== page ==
The air is thick with the smell of sweet bread and cinnamon. Around me bakers, hands sticky with dough, slide pans of twisted pastry wreaths into large ovens. Next door, I watch as the cooled cakes are lined up on counters, where a small army of decorators inject them with fragrant fillings, slather them with icing, and sprinkle them with color-drenched sugars. George Lewis’s “Burgundy Street Blues” plays over the speakers. It’s early February, and I’m in the baking facility of Brennan’s, New Orleans’s iconic restaurant group, as king cake season switches into high gear.
King cake—a sweet, yeast-risen bread that’s become a symbol of Mardi Gras—is big business in New Orleans. While it has been a party-table fixture for hundreds of years, its popularity exploded in the late 19th century, alongside the celebration of Mardi Gras itself. Today, bakeries around the city churn out upwards of 750,000 king cakes annually, reaping more than $15 million.
In 2021, Brennan’s introduced its first-ever king cakes, in traditional, chocolate, and strawberry cream cheese flavors. Just a year later, the restaurant is baking nearly 600 cakes per day, delivering a taste of New Orleans—and a bit of European history—to the contiguous 48 states.
Humble pastry, holy origins
King cake dates back to early Christian Europe—no one is exactly sure when it appeared on the scene, but best guesses put it between the third and fourth centuries. Now, nearly every country with a significant Catholic population has its own version of the pastry, and the name typically includes the word “king,” in reference to the revelation of Jesus as the son of God during Epiphany. The cake has traditionally been used as the sweet capper to the holiday feast.
Throughout the centuries, the common link between king cakes has been the fève, a baked-in trinket. The original was a bean (fève is French for “fava bean”), but coins, nuts, and miniature figurines were also used. The partygoer who discovered the fève was crowned “king” or “queen” for the day and, in some traditions, had to supply the cake for the following year’s festivities.
Perhaps the best-known version of king cake is the French galette de rois, made with puff pastry and stuffed with an almond frangipane. Because puff pastry-making was nearly impossible in warmer climates, another type of cake evolved. In Spanish-speaking countries, it’s called roscon de reyes. Made of a yeast-risen dough often accented with orange blossom water, it’s similar to a sweet brioche and usually decorated with candied fruits.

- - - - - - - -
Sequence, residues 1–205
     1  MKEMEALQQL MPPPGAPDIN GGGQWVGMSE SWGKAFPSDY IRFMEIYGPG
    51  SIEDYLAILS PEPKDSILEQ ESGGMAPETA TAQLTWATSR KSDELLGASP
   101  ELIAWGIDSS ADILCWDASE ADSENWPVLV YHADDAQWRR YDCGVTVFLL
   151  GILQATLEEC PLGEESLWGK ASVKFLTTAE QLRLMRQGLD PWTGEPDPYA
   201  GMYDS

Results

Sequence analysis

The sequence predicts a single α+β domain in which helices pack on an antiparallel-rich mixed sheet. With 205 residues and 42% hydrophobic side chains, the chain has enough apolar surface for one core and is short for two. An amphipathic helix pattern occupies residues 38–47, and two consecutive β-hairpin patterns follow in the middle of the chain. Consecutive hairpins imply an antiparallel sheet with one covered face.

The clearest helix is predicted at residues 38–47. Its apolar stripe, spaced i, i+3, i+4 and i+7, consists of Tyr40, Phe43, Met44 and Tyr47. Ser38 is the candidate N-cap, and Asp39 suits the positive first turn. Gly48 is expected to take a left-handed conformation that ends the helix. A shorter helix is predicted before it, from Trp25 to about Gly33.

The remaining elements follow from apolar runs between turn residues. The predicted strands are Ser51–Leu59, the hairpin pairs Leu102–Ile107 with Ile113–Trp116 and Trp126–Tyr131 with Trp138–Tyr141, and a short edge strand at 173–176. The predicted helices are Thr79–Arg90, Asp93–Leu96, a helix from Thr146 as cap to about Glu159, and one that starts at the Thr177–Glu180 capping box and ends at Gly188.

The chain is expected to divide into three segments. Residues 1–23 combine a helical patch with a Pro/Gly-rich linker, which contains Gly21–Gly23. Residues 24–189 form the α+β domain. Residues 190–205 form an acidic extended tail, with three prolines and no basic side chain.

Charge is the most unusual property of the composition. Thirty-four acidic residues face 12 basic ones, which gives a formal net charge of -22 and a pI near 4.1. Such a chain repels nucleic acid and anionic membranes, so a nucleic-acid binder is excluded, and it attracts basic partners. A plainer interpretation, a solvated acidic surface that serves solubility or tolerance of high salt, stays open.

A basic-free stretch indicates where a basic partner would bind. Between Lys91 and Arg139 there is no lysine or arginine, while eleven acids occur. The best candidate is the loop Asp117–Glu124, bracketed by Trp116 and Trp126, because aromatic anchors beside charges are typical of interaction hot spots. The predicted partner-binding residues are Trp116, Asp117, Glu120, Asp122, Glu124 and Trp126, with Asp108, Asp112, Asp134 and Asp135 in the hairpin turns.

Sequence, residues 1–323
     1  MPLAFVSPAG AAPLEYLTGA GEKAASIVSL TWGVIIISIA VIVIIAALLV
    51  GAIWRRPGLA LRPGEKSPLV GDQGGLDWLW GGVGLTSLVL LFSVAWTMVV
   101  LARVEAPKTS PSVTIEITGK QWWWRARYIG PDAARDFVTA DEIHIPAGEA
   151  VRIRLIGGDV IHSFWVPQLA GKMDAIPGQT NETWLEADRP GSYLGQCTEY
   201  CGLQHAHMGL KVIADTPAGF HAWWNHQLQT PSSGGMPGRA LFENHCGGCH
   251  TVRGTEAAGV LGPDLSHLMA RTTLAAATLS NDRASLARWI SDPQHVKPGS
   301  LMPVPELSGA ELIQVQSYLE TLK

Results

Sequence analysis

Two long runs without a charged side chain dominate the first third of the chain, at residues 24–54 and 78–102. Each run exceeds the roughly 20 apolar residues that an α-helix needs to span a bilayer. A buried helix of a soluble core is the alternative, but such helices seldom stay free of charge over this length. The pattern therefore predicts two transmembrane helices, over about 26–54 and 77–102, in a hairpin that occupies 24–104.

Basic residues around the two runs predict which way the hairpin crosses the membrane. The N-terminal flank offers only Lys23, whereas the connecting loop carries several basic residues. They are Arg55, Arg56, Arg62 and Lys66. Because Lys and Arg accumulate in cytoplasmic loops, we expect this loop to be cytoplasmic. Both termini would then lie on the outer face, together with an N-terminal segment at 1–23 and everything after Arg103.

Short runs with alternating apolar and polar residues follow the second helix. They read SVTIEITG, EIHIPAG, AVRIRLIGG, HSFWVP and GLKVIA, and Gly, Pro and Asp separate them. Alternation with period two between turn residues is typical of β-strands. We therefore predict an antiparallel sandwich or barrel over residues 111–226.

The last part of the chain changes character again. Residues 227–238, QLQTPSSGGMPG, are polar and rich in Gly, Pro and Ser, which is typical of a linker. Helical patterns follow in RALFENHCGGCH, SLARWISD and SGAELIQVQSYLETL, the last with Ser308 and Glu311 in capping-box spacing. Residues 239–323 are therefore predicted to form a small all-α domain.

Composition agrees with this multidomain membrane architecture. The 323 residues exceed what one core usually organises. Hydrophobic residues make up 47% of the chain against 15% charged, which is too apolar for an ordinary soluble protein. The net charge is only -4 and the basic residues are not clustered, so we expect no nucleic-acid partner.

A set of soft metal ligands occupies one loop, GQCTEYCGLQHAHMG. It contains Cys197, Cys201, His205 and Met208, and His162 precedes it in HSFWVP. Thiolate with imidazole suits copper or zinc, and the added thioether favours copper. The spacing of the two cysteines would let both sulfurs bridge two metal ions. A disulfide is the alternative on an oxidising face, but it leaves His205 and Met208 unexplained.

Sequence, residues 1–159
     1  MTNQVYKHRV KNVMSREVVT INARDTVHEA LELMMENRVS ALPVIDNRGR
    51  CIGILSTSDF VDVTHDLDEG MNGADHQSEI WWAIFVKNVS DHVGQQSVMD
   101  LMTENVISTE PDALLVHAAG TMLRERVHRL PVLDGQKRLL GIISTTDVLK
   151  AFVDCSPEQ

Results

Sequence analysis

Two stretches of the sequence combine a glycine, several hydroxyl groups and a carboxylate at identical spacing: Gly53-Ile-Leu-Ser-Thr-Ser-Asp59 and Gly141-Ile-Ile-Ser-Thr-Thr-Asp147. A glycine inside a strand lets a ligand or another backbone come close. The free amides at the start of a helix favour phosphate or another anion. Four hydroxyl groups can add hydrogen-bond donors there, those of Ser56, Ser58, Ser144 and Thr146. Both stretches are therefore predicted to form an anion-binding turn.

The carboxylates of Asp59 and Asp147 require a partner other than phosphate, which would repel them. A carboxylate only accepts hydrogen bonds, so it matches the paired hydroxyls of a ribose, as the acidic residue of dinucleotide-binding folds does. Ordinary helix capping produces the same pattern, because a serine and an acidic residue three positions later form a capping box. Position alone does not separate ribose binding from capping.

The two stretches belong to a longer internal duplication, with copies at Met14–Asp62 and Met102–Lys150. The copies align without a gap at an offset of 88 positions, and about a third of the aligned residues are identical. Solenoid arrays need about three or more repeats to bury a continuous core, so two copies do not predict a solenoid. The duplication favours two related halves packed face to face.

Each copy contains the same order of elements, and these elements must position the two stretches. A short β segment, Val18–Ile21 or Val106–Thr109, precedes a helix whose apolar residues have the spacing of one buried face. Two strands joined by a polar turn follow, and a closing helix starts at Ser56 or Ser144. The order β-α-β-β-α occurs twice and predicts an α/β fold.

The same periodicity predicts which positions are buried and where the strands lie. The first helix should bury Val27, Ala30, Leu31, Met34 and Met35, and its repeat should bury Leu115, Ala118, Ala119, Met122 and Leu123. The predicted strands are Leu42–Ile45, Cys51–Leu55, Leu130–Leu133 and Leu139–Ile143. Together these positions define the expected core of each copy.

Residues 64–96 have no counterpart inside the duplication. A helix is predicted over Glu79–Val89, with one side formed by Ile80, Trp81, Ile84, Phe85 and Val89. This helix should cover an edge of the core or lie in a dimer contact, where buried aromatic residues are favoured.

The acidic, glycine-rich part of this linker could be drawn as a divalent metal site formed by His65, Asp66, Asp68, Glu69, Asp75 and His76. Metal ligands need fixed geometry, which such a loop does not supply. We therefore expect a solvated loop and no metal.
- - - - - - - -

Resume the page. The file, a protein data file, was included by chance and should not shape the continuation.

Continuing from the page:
Spanish and French colonizers of the American South brought king cake to New Orleans, possibly as early as the 1700s. As the French celebration of Carnaval morphed into Mardi Gras, the cake became a staple of the festival. Given the city’s warm, humid climate, roscon-style cake prevailed. Today, the most common version in New Orleans is made from a yeast-risen dough, decorated with icing and splashy Mardi Gras hues: green, gold, and purple. Instead of being served solely on Epiphany, it’s available from January 1 through Fat Tuesday, the day before Lent.
New Orleans takes the cake
As Mardi Gras festivities expanded, king cake became more popular and began to take on slightly different personalities. In the 1940s, the king-cake craze took off. Much of the credit goes to the now-defunct McKenzie’s Pastry Shoppe, says Liz Williams, founder of New Orleans’s Southern Food and Beverage Museum. It was the first to distinguish its king cakes through such signature dough flavors as cinnamon and praline and later was joined by other well-known bakeries, including Haydel’s, Gambino’s (available on Goldbelly), and Manny Randazzo, all of which remain in business today.
When the novelty of flavoring wore off in the 1950s, New Orleans bakeries turned their attention toward unique fèves. McKenzie’s was the first to substitute beans with frozen Charlottes: tiny, stiff-limbed bisque dolls ceramicists used to test for hot spots in wood-fired kilns. (Their ominous moniker derives from a folk ballad about a vain beauty who suffered dire consequences for refusing to wrap herself in blankets during a sleigh ride.) When gas-fired kilns eliminated the need for frozen Charlottes, McKenzie’s purchased thousands of the porcelain dolls.
The figurines were eventually supplanted by slightly less creepy bisque baby dolls. As the supply ran dry in the late 1960s, these were replaced with plastic babies; they were not, as is often thought, meant to represent the Christ child. The baby is still the most popular fève, but because it’s considered a choking hazard, many bakeries place it on top instead of inside the cake.
As the 1960s kindled the country’s love affair with processed foods, king cakes followed suit. Mass-produced, plastic-packaged versions became ubiquitous in grocery and convenience stores around the city within a couple of decades. They still crowd store shelves today, along with a range of king cake–flavored products, such as coffee, ice cream, and even vodka.